Grace & Gigabytes Blog

Perspectives on leadership, learning, and technology for a time of rapid change

Updated: Feb 12

When I started writing "Grace and Gigabytes" in 2018, my goal was to convince church leaders to thoughtfully integrate digital technology with worship, formation, and faith practice.


Fast-forward to January 2021 (happy new year, by the way!), circumstance has made us all into digital experts, whether we feel like it or not! Ironically, the challenge for 2021 won't be to use more technology. Rather, we'll be tasked with staying connected to the best of digital ministry even as our church doors eventually reopen.


Now, I've repeatedly said that I am done making predictions about the COVID-19 pandemic. From my early April guess that we'd all be eating hotdogs at full baseball stadiums by August, to my recent conjecture that vaccine distribution would be rapid and efficient, I've proven to be a rather worthless prognosticator of late.


Still, if we work with the assumptions presented by Dr. Fauci and others on the COVID-taskforce, it's a safe bet that 2021 won't be an exclusively digital endeavor. At some point, we'll be able to welcome our communities back to our buildings, in a yet-to-be-determined format.


And as our doors slowly creak open, we can safely predict one constant: our faith communities will be thrilled to be back together. I imagine we'll see an outpouring of appreciation for in-person church assembly, the likes of which have not been seen since the invention of Sunday brunch and pre-NFL game Target runs.


Whenever "it" happens, and our eventual new normal will happen, our faith communities will exuberantly leave their Zoom calls and slam the lid of their laptops, running back to our church buildings faster than you can yell "coffee hour is back!"


With masks off and the coffee on, those in our churches will talk about how glad they are to have returned to "normal." We're back together - certainly, that means we can cut it out with all that online church business, right?


It is in these inevitable sentiments that we can identify the great change management predicament for today's church leader: how to retain all we've learned about digitally-integrated ministry, even as we enthusiastically look towards a return to in-person community.



Hybrid Church: A Bridge Between the Online and Offline


It's clear that the digital ministry toolkits we've constructed these past ten months can be a significant asset in service to our mission. Digital tools allow us to connect with those who cannot physically gather in a sanctuary, they facilitate more consistent collaboration with the neighbor, they help us to expand our perspectives beyond insular-feeling conference rooms. Their real-time collaborative features promote agility and continuous optimization, preventing us from becoming stuck or frozen.


It's also clear that we've all expended considerable effort in assembling these toolkits. Pastors who told me they aren't "web people" have become highly capable producers of digital video. Church administrators who joked that they didn't know how to spell "iPad" have become masterful at capturing, recording, editing, and sharing audio and visual content. And we've all seen faith community members who have become more confident sharing their perspectives, articulating their stories, and asking the biggest questions of our shared faith journey.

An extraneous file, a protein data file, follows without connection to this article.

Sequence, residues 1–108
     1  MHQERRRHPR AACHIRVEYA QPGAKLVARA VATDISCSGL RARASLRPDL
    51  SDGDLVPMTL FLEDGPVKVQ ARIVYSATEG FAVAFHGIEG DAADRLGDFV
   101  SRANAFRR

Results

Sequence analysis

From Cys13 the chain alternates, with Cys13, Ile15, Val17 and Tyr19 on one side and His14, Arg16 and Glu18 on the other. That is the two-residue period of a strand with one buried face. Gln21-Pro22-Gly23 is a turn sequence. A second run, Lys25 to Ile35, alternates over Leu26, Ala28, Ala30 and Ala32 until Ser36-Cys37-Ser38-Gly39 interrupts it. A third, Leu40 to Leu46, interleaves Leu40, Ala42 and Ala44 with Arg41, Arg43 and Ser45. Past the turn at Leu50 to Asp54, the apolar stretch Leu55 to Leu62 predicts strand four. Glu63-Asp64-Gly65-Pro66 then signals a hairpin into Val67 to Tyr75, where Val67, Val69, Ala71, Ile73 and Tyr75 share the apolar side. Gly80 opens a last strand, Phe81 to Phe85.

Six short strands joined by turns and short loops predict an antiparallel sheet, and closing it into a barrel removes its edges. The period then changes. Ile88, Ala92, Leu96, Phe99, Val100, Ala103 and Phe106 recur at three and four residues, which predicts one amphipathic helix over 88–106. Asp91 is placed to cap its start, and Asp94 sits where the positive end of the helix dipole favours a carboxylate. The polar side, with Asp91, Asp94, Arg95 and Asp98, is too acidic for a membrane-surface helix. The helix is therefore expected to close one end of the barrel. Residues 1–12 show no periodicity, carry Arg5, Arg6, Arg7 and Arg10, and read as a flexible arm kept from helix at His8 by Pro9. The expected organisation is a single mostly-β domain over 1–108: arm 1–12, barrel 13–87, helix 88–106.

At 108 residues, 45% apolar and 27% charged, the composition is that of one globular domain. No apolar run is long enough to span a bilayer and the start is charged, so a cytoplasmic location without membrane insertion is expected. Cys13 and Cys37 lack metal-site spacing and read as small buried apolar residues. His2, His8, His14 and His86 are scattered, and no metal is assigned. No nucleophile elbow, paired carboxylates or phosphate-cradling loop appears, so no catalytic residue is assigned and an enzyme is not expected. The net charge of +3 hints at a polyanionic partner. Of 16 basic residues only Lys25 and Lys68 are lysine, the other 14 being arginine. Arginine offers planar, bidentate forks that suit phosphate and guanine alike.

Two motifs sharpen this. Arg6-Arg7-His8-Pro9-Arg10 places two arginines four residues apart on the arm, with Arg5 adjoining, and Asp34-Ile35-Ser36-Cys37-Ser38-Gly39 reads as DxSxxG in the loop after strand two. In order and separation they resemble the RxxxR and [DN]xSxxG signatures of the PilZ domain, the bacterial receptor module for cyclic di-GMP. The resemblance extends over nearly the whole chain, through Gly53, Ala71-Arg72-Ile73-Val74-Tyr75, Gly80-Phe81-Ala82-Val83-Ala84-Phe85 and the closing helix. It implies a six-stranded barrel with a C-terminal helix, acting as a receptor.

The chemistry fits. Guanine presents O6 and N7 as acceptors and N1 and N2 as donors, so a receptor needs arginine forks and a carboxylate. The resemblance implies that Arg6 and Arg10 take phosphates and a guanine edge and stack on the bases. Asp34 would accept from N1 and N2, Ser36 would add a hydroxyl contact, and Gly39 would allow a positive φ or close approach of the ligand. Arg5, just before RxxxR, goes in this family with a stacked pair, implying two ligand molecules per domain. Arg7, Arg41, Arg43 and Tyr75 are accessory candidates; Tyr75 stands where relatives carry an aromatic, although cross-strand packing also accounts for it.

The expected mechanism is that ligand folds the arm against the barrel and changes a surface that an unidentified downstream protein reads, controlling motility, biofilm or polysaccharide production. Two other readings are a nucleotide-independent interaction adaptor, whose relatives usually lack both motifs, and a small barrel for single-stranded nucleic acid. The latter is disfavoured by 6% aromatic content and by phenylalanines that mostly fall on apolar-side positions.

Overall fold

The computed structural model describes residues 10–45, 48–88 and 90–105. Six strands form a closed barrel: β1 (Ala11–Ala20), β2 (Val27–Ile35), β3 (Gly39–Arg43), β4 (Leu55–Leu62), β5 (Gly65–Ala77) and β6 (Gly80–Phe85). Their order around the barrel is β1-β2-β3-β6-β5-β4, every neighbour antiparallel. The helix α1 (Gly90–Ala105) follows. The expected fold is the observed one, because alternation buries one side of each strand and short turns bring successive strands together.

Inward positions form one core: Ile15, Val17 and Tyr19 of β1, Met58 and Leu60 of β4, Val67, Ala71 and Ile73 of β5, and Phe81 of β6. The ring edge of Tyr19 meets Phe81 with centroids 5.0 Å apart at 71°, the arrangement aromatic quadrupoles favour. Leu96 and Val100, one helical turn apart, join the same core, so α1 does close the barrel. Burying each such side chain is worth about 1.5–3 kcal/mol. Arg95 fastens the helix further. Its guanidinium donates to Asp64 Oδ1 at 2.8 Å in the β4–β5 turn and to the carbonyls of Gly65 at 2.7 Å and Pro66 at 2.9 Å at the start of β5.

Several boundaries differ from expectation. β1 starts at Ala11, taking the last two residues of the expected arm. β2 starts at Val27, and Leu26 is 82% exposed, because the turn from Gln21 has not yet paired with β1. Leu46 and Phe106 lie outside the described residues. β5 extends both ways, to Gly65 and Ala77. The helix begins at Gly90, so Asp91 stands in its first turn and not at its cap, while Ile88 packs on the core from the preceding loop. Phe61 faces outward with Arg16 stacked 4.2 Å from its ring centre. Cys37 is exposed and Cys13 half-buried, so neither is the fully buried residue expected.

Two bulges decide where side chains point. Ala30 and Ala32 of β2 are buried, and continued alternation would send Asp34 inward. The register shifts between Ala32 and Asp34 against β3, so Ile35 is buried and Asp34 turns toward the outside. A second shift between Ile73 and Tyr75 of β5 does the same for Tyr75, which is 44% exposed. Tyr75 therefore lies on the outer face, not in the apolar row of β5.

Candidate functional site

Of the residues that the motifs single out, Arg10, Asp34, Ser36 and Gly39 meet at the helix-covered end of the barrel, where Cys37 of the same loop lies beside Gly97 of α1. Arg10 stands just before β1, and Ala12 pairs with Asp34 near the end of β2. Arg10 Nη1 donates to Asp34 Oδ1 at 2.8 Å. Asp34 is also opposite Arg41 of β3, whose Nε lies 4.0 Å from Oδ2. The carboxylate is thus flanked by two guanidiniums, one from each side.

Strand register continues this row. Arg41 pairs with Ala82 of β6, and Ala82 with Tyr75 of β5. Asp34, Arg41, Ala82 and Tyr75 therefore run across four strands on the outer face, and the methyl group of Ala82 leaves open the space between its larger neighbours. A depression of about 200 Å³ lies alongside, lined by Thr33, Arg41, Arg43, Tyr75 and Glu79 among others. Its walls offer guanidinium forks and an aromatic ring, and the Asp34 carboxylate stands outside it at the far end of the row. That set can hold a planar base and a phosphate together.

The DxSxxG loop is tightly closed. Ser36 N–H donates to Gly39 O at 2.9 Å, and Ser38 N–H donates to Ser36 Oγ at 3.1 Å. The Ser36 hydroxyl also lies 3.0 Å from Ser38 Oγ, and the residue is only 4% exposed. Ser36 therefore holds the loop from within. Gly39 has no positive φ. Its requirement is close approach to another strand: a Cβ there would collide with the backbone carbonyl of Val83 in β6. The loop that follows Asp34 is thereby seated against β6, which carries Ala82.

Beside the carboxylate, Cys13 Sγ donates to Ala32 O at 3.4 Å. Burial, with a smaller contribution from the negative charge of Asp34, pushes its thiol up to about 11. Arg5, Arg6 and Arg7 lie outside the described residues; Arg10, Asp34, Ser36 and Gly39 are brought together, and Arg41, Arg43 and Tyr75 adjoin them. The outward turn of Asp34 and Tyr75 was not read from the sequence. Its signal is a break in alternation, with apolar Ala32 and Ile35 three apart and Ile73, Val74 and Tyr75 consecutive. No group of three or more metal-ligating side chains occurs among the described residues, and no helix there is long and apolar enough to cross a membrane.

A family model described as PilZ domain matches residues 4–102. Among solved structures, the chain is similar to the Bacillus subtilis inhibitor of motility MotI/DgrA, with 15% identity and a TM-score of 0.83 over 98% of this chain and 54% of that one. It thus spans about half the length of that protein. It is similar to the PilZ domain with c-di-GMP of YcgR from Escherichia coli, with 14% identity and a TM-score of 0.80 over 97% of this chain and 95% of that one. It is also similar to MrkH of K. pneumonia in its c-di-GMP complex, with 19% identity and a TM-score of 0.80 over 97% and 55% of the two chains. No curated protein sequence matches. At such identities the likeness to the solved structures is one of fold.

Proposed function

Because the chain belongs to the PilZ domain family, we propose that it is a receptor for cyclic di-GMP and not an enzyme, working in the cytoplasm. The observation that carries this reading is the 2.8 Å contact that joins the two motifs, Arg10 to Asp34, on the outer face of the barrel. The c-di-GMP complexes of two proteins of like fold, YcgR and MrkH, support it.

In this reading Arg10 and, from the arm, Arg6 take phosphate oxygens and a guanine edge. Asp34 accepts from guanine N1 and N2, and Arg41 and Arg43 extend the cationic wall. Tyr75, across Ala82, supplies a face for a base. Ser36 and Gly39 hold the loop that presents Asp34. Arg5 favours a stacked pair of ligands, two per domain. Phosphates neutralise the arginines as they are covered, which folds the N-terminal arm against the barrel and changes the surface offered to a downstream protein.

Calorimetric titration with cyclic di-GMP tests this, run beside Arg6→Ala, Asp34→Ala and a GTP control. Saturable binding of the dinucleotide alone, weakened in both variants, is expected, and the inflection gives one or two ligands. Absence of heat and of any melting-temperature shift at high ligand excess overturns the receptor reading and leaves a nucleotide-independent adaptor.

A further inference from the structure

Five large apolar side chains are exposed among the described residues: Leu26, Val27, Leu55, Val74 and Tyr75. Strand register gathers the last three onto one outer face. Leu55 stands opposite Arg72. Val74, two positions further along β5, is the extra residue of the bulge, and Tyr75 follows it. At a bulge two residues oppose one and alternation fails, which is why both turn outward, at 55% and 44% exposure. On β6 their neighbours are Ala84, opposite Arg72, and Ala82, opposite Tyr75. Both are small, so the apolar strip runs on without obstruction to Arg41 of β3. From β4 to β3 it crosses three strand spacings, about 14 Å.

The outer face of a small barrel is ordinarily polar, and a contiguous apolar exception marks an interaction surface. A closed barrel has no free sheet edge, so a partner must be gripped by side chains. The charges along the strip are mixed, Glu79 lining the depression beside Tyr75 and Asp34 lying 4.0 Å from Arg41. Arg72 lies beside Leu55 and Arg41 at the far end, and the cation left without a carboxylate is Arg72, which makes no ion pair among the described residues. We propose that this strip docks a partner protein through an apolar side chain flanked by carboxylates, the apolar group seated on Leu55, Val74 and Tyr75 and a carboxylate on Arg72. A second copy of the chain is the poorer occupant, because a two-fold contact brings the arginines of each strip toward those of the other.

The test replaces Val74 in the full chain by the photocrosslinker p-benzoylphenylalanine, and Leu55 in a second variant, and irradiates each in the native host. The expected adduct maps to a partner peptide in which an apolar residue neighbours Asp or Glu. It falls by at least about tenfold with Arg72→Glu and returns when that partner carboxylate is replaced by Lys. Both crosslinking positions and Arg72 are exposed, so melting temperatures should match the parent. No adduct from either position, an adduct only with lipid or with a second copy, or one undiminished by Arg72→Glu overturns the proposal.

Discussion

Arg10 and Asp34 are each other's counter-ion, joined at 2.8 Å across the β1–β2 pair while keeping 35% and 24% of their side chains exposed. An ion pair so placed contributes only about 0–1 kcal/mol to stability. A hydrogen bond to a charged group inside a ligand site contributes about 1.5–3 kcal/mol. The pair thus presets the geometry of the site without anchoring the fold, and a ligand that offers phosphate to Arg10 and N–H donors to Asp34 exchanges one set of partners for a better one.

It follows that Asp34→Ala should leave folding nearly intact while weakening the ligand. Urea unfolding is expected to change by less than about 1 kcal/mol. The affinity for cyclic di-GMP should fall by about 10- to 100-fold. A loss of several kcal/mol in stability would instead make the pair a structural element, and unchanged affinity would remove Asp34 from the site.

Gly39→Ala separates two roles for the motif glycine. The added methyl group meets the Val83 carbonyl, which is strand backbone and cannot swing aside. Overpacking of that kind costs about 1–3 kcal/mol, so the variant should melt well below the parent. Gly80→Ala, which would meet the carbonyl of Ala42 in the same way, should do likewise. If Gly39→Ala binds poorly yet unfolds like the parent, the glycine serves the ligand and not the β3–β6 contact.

The question then is how we might take the best of the experience of deep digital ministry and bring it with us into an eventual new normal when we can be together at last. This year on the "Grace and Gigabytes Blog," we'll explore this question together, providing a roadmap towards the church's hybrid future.


Generally speaking, hybrid Christian community is an expression of church that balances offline and online connection. More specifically, a hybrid Christian community remains rooted in Word & Sacrament as it pivots to fully embrace the digital age value of collaboration.


If we work together to strike the right balance between offline and online connection, our churches will be more collaborative, but they will also be more empathetic, diverse, and adaptive. If we don't find the right balance, two scenarios are likely. We might work too hard at retaining digital ministry, exhausting resources and ultimately burning ourselves out. Alternatively, we might give up on digital ministry altogether, forfeiting the missional opportunities that come with it.


Striking this balance won't be easy. It'll require constant attunement, refinement, and reprioritization in all aspects of church leadership. At times, this balance will demand difficult engagement with those who are ambivalent or outright hostile towards digital forms of ministry. Not only is this a process of technological experimentation. It is also an exercise in careful change management.


As I write this post, it is January 4th. Snow is falling. Cases are climbing. But a vaccine is here, allowing us to catch a glimpse of an inevitable yet unpredictable future. That glimpse is our first peak at the church's hybrid future. Let's work together to turn that glimpse into a vista, from which we can set our course. And let us greet this promising moment with creativity and hope.


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@ryanpanzer is the author of "Grace and Gigabytes: Being Church In a Tech-Shaped Culture," available now wherever books are sold.

Our most widely-used digital technologies are built upon a collaborative foundation. This likely does not surprise you. We share docs, we comment on slides, we send direct messages and post to group channels, and all of this is part of a typical, digital age day-in-the-life.


Yet implicit in the adoption of real-time collaborative technologies like Google Docs, Microsoft Teams, Slack, and others is an accelerating commitment to egalitarian participation, to the flattening of hierarchy. While the impact of digital technology on our culture is broad and diverse, the impacts on leadership is pointed and decisive: we expect opportunities to meaningfully contribute, we insist on opportunities to frequently participate, we demand collaboration. The story of the digital age is a rapidly unfolding march towards more collaborative forms of leadership in organizations, in government, and particularly in the church.